There were angry accusations of “scaremongering” over the im pact of coming council cuts in Clydesdale with counter-claims that our area’s old, disabled and ill will actually receive a £1.5m BOOST to their services.
Last week the Labour-controlled South Lanarkshire Council reluctantly accepted the SNP Scottish Government’s central grant for the coming financial year.
As revealed in last week’s Gazette, rejection of Finance Secretary John Swinney’s deal would have seen Clydesdale’s Council Tax rates soar by 48 per cent.
The SLC’s leader, Councillor Eddie McAvoy, claims accepting Holyrood’s ‘offer they can’t refuse’ will force SLC to make around £32m of cuts and savings in services, Clydesdale’s share of the pain, in proportion to its population, expected to be around a tenth of that sum.
However, as the crunch council meeting approaches on February 24 when its final budget will be set, the opposition SNP group has claimed the Labour administration is talking up the effect and size of the cuts.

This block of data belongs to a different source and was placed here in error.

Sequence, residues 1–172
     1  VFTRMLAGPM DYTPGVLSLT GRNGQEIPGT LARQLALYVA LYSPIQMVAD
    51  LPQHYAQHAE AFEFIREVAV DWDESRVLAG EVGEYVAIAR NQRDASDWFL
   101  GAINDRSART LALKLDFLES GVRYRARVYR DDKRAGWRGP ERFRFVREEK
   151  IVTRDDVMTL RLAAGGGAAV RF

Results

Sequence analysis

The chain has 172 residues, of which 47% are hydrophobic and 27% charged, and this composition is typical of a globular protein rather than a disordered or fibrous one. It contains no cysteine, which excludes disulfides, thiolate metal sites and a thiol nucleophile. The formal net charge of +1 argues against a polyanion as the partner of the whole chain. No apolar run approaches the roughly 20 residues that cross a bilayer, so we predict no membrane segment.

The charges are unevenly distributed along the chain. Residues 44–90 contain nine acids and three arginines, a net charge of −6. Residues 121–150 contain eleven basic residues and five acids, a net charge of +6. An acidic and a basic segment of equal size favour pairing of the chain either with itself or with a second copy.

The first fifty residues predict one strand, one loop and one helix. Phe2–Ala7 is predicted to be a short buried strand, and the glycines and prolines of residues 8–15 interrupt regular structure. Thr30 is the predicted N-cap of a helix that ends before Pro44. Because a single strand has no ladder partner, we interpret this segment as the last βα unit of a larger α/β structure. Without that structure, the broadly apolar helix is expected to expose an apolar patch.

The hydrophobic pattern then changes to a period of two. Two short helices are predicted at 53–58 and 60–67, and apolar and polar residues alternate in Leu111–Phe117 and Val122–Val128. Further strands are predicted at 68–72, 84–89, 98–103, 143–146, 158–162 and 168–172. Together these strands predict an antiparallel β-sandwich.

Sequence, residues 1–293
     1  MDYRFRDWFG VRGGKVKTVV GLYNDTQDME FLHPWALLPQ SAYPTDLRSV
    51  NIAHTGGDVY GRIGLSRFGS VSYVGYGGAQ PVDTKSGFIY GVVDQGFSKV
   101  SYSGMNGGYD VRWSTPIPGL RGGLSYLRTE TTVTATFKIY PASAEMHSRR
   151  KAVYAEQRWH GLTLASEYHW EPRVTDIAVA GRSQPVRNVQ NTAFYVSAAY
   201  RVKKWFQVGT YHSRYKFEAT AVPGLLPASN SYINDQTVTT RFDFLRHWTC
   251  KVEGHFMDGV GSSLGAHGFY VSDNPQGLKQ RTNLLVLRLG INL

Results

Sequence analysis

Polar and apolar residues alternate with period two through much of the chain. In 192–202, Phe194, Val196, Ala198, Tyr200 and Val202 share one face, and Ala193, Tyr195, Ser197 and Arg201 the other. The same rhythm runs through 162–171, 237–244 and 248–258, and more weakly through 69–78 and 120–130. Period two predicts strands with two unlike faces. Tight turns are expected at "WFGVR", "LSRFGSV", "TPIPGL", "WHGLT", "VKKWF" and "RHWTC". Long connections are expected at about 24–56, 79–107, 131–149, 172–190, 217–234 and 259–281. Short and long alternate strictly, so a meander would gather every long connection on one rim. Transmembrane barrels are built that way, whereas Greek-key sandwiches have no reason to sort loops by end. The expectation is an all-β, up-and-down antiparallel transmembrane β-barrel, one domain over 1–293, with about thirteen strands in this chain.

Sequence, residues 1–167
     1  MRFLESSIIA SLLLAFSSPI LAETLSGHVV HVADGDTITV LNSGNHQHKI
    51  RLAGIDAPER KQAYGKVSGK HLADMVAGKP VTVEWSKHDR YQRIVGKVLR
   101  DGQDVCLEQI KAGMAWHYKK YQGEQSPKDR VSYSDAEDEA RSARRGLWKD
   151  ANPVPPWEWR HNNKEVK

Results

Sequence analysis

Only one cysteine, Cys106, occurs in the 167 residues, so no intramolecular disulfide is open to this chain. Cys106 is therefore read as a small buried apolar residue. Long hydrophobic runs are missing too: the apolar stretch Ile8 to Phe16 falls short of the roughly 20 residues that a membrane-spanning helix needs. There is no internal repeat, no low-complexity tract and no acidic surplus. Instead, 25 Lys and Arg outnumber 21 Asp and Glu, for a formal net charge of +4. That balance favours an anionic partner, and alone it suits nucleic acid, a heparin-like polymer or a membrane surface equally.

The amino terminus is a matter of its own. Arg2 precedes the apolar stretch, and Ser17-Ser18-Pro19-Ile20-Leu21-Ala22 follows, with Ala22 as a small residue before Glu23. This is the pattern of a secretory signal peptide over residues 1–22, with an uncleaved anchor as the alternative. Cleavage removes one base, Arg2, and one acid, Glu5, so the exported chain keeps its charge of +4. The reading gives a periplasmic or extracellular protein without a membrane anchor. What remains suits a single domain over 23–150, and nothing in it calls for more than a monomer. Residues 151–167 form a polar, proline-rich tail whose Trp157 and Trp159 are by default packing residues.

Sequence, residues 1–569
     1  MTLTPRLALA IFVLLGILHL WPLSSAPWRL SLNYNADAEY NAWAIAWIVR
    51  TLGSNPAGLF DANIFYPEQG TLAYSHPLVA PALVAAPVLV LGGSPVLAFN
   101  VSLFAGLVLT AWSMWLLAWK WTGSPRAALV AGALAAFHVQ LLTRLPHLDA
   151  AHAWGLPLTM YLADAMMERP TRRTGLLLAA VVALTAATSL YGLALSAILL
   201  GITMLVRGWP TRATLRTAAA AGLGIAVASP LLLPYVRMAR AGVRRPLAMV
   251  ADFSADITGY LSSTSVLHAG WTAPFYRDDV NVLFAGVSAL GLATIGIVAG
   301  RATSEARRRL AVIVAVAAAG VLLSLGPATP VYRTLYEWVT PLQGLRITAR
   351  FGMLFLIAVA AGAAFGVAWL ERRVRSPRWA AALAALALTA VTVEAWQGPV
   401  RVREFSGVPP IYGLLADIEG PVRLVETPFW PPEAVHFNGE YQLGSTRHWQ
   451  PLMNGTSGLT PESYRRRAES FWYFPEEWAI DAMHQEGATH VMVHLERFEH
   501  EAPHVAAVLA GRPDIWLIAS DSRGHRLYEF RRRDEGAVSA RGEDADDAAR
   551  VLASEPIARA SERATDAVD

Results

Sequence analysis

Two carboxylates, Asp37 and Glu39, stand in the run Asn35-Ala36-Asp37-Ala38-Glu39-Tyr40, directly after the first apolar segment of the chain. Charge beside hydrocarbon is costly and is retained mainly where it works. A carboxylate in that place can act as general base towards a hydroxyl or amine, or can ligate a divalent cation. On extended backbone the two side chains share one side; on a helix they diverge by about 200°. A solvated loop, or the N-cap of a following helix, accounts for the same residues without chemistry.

Indeed, they counter-claim that some vulnerable Clydesdale citizens will end up with better services, thanks to £15m extra funding to SLC for health and socal care, Clydesdale’s share of that expected to be £1.5m.
The SNP group is accusing the council’s leader of ignoring this part of the government financial package for SLC and attacked him for making alarming statements about the coming budget for party political purposes.
A spokeswoman for the opposition Nationalist group on the council said: “ As part of £250 million extra nationwide funding from the Scottish Government to support the integration of health and social care, £15.2 million extra is coming to South Lanarkshire.
“Of that, £7.6 million will be used by the Integration Joint Board to provide additional social care packages which will be required because of the changing local demographics and an increasing elderly population, while the other £7.6 million will ensure that home care workers are paid the living wage and will also relieve cost pressures on the local authority budget.
“This is just further proof that the SNP group was right to wait for accurate facts rather than making overly simplistic and misleading statements as the council leader did.”
However, it is understood that the Labour administration is still angered by the settlement Mr Swinney has forced on them, one complaint being that government in Edinburgh is taking far too much of a hand in deciding what local service priorities should be, by-passing local democracy.